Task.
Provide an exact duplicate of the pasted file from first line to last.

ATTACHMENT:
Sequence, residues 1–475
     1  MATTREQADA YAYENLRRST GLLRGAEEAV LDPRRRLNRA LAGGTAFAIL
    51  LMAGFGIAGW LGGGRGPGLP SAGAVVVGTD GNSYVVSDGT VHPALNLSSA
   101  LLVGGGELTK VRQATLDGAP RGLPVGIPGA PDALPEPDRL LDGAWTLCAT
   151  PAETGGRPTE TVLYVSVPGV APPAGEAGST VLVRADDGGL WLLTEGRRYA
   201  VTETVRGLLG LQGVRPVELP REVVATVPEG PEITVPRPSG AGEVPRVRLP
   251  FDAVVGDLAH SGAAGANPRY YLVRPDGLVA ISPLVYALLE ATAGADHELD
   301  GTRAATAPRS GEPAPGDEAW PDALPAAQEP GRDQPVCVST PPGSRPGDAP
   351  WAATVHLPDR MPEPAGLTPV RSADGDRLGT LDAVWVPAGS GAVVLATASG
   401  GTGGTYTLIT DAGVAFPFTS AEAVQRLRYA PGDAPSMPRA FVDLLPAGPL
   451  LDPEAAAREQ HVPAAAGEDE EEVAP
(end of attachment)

Sequence, residues 1–475
     1  MATTREQADA YAYENLRRST GLLRGAEEAV LDPRRRLNRA LAGGTAFAIL
    51  LMAGFGIAGW LGGGRGPGLP SAGAVVVGTD GNSYVVSDGT VHPALNLSSA
   101  LLVGGGELTK VRQATLDGAP RGLPVGIPGA PDALPEPDRL LDGAWTLCAT
   151  PAETGGRPTE TVLYVSVPGV APPAGEAGST VLVRADDGGL WLLTEGRRYA
   201  VTETVRGLLG LQGVRPVELP REVVATVPEG PEITVPRPSG AGEVPRVRLP
   251  FDAVVGDLAH SGAAGANPRY YLVRPDGLVA ISPLVYALLE ATAGADHELD
   301  GTRAATAPRS GEPAPGDEAW PDALPAAQEP GRDQPVCVST PPGSRPGDAP
   351  WAATVHLPDR MPEPAGLTPV RSADGDRLGT LDAVWVPAGS GAVVLATASG
   401  GTGGTYTLIT DAGVAFPFTS AEAVQRLRYA PGDAPSMPRA FVDLLPAGPL
   451  LDPEAAAREQ HVPAAAGEDE EEVAP